Plaintiff made only a partial principal payment of $280, 000 in September 2010, prompting Berkshire to declare the loan in default. Plaintiff again defaulted on the loan in May 2011 by failing to keep an interest reserve account sufficiently funded. In September 2011, as a result of, among other things, these defaults, Berkshire transferred plaintiff's loan file to defendant Thomas Matejek of its commercial loan workout department. The note matured by its terms on September 7, 2012, at which time the entire principal, accrued interest and other sums owing thereunder became immediately due and payable in full. In late September 2012, plaintiff advised Matejek that it had entered into an agreement with Albany Partners III, LLC (hereinafter AP) to sell a portion of the property's multifamily lots and the clubhouse for $4, 760, 000, which would have satisfied plaintiff's debt obligation to Berkshire. The purchase agreement was contingent on, among other things, AP's ability to raise the necessary capital within 120 days.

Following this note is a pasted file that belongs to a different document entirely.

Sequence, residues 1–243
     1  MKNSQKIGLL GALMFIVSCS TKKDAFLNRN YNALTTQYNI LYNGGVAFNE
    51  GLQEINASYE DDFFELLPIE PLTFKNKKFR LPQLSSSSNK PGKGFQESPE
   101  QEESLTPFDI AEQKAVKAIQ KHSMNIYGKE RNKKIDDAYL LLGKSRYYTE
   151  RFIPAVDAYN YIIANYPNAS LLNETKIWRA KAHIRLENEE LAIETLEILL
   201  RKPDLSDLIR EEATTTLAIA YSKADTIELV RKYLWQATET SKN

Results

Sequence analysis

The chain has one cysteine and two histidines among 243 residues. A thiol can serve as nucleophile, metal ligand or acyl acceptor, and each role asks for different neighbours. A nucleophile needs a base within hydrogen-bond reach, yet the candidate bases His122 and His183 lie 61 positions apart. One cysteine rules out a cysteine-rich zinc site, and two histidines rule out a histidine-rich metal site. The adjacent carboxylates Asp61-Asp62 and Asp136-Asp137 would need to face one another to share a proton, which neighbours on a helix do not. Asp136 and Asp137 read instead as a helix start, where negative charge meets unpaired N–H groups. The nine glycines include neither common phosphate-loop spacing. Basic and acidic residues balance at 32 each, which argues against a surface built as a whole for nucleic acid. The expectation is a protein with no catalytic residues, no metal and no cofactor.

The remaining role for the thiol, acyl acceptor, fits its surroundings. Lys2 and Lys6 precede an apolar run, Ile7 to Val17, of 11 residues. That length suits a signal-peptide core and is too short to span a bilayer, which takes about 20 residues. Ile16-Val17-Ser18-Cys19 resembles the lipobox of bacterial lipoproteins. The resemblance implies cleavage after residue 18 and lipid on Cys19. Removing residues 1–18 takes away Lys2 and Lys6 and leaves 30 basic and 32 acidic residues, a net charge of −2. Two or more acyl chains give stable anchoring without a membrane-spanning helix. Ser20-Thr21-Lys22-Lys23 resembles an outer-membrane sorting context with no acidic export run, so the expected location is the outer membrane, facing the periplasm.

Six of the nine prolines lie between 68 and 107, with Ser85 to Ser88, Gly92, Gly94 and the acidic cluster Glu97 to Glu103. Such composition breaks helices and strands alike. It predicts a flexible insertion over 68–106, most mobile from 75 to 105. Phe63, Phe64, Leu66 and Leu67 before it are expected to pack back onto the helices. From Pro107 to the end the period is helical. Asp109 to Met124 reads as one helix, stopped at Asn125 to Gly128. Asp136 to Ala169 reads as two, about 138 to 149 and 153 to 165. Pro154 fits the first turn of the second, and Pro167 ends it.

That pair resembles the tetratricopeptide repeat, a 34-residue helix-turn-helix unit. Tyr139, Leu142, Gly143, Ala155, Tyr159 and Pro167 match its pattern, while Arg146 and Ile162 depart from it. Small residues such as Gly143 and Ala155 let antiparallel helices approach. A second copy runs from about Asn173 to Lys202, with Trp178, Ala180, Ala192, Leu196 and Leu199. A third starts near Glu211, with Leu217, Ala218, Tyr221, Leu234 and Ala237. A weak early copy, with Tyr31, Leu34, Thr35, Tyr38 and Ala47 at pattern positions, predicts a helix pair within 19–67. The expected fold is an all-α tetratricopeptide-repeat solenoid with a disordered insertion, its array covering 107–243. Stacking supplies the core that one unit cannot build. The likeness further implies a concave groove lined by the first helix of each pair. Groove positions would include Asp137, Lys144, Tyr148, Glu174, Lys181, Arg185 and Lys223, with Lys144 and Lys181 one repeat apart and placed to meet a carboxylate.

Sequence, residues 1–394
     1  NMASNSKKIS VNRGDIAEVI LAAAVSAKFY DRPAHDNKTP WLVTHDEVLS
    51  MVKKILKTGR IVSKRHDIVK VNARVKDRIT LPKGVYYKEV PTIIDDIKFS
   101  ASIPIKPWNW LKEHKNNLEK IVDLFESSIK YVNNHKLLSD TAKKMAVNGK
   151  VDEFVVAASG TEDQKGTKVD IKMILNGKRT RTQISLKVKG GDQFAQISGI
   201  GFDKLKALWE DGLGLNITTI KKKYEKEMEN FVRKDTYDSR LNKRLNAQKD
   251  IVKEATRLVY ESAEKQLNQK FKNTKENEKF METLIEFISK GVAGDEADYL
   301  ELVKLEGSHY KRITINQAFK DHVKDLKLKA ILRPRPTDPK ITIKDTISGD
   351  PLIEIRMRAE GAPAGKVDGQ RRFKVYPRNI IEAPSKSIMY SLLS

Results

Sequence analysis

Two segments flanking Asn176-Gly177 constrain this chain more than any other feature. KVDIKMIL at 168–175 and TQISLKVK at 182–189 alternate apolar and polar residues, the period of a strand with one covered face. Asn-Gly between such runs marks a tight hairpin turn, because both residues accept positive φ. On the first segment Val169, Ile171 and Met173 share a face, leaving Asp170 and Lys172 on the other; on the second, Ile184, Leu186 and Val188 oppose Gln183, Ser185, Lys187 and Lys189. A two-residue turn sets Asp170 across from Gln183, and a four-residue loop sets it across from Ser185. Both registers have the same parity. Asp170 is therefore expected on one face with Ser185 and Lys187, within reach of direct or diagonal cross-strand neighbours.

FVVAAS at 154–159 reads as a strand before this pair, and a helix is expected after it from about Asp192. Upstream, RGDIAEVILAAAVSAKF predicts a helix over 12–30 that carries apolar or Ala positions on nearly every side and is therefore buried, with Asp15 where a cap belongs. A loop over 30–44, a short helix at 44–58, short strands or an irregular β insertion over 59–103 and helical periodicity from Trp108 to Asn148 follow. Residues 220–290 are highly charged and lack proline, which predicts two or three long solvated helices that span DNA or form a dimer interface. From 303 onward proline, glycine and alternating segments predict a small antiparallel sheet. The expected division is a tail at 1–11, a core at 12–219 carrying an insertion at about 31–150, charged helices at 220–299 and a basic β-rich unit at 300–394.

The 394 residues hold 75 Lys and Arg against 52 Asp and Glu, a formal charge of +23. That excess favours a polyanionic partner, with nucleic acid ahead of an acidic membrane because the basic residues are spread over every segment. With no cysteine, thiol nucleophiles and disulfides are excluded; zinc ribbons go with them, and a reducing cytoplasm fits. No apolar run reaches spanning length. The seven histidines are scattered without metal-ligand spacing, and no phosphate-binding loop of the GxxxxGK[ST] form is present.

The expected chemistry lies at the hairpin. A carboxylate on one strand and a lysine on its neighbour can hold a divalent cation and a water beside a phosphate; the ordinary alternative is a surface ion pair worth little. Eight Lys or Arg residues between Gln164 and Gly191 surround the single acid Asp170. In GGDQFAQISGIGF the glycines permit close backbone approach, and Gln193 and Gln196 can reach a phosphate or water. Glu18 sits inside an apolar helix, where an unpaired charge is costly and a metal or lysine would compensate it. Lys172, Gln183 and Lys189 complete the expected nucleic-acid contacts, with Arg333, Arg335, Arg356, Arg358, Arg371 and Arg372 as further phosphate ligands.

In light of such purchase agreement, plaintiff requested that Berkshire forbear from exercising its rights and remedies under the loan documents for a limited period of time to allow plaintiff to close on its transaction with AP. Berkshire agreed, but required plaintiff to enter into a forbearance agreement. This agreement, executed in December 2012, provided that the duration of the forbearance would be until the AP deal closed, February 28, 2013 or upon default, whichever occurred first. The agreement further stated that, if by February 28, 2013 the AP sale had not yet closed and no event of default occurred, Berkshire would continue to forbear during an extended forbearance period commencing on February 28, 2013 and ending immediately on the earliest of the closing of the sale, March 29, 2013 or default. The agreement specified, as relevant here, that "[a]ny termination of the AP [p]urchase [a]greement" would constitute a default. It also reserved Berkshire's rights under the loan documents and indicated that any waiver of its rights must be in writing and that no omission, delay or partial exercise of a right or remedy could be construed as a waiver of such rights.